When Rod Broadbelt began leading hikes at Umstead State Park more than two decades ago, they were events not for the feint of foot. Rod had just retired to Cary, moving from the Philadelphia area where he was a member of a competitive hiking club.
When we head down the trail, one of our goals is to head out of our lives. Not that we’re escaping ourselves — necessarily. Rather, the parts of our life — the social media babble, the job, a demanding cat — from which we need a break. Curious that we seek to escape by heading somewhere so open and exposed. Even curiouser that it’s so effective.read more
Summer called: it misses you and wants you to know it won’t be around forever — would it hurt you to pay a visit?
Did I say summer or your mother? In any event, Labor Day weekend, the ceremonial end of summer, is in three weeks and we have a most summer-friendly weekend on tap that you should get out and enjoy (before it’s too late): temperatures in the upper 80s under mostly sunny skies. Get Out and enjoy!read more
On Sunday, we’ll turn our clocks back one hour as we leave Daylight Saving Time. That means we will no longer have the extra hour of sunlight we’ve enjoyed at day’s end since March 11. On Saturday, sunset in the Raleigh area is at 6:16:44 p.m.; on Sunday, when we switch back to Standard Time, it’s at 5:15:46 p.m. Poof! Just like that.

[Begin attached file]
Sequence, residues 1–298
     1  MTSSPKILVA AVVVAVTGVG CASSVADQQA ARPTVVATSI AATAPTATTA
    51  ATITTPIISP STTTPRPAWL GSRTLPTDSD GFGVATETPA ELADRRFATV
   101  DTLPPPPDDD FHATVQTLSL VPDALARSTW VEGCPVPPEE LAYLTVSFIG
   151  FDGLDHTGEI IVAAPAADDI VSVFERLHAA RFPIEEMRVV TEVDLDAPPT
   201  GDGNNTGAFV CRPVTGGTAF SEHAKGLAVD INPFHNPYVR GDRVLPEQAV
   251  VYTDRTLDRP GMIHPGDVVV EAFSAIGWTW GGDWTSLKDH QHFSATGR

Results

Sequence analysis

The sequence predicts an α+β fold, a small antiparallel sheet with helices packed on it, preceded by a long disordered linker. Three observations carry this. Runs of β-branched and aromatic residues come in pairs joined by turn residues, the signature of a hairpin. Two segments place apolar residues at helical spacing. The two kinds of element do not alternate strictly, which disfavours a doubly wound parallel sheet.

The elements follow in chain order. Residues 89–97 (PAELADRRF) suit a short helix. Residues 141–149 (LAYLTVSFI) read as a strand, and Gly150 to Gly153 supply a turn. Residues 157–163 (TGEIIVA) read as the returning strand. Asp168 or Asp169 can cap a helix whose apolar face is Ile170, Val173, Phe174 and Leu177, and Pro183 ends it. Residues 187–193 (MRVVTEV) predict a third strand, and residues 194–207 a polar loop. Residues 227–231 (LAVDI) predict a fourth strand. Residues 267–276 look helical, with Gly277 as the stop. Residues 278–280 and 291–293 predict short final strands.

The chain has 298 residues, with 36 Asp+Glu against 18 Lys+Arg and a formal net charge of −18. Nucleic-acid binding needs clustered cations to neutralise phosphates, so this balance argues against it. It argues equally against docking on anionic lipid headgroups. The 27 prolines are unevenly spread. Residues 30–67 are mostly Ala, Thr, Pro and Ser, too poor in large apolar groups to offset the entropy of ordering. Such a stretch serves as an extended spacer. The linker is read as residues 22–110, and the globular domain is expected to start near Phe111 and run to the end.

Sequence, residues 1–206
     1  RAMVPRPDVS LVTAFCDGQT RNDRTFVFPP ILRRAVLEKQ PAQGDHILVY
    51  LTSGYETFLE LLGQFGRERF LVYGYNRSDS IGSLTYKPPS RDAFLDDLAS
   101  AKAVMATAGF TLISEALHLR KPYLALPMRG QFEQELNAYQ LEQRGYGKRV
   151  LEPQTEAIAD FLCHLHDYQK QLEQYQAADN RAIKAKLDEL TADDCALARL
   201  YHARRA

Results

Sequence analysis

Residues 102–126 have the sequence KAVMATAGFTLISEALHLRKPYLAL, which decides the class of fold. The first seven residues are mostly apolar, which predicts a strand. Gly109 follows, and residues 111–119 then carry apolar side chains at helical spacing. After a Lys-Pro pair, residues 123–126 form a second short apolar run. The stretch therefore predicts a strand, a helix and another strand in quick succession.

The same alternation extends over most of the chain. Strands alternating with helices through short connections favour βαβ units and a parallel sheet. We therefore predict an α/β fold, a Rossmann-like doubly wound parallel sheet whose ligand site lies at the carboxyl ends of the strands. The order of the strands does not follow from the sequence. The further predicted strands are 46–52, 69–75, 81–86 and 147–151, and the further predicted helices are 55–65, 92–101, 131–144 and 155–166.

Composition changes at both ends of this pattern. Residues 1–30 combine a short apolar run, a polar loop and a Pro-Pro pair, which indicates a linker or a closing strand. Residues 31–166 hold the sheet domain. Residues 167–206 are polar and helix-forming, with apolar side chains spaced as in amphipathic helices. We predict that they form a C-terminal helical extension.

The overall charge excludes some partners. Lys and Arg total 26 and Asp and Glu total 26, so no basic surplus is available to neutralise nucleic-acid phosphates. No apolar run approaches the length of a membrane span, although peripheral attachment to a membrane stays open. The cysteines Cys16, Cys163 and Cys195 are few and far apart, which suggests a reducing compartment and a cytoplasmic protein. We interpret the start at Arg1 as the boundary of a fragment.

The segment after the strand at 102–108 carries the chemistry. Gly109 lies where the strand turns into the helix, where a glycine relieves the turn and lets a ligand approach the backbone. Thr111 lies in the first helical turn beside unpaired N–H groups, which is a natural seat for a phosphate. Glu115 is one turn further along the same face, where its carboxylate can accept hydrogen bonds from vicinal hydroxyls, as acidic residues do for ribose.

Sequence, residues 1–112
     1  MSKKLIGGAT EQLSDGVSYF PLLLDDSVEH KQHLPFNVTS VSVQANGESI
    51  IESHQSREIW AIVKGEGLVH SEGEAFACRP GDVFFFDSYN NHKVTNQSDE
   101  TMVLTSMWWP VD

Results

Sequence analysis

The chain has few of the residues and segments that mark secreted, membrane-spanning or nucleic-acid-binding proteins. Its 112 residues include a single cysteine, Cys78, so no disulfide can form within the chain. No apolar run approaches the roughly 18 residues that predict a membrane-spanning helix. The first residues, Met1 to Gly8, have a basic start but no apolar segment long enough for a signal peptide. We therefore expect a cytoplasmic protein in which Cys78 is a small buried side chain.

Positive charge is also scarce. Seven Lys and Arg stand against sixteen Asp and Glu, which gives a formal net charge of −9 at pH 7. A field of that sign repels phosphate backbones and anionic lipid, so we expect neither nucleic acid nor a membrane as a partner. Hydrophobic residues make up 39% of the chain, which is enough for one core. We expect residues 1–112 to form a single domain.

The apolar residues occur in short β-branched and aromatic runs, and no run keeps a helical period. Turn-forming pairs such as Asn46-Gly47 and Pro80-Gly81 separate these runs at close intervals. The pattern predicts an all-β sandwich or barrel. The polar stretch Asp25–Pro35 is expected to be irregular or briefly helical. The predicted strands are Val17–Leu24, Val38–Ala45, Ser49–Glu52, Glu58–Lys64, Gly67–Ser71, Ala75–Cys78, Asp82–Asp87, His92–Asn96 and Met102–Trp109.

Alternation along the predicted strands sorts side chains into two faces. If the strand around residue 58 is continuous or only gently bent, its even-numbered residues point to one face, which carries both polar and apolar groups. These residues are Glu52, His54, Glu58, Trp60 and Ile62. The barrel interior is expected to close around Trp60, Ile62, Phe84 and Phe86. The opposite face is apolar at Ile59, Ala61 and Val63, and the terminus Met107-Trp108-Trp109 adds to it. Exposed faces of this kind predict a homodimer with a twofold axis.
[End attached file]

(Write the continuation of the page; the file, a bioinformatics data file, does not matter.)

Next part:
Here are a few things to keep in mind with the time change:
We have an hour more daylight in the morning. The extra hour is nice if you like to get in a morning run, ride or walk before work. On Saturday, sunrise is at 7:39:30 a.m.; Sunday, it’s 6:40:31 a.m.
Plan your afternoon adventures accordingly. It’s easy to keep thinking, “Ahh, I’ll be done by 6.” But if you’re done at 6 p.m. on Sunday, the sun already set 45 minutes earlier and you’ll be 20 minutes past twilight. It will be dark. Better bring a headlamp.
Don’t despair: it won’t last long. We will only lose another 15 minutes of afternoon sunlight before the tide turns. Though overall daylight keeps diminishing until Dec. 21, the first day of winter, we actually start regaining afternoon sun on Dec. 6. In fact, by the time December is over we will have gained back 10 minutes of afternoon sunlight.
Don’t be afraid of the dark. We love going out at night, especially with the aid of today’s versatile and lightweight headlamps. Every other Tuesday from Nov. 20 through March 5, we’ll be doing a night hike that starts at 7 p.m. We’ll hike different spots around the Triangle, exposing you to some great night hike options. We’ve got loaner headlamps. And, this being GetHiking!, there’s no chance of getting dropped; we lead our hikes from the rear, so nobody gets left in the dark. It’s a great way to get on the trail during winter.
You can put that time to good use. After the holiday hubbub settles, we’ll be doing weeknight seminars on a variety of hiking and backpacking topics. This is an excellent time to start planning what to do when the sunshine returns. Watch for details in early December.
March 10 is only 140 days away. March 10, at 2 a.m. — that’s when Daylight Saving Time returns.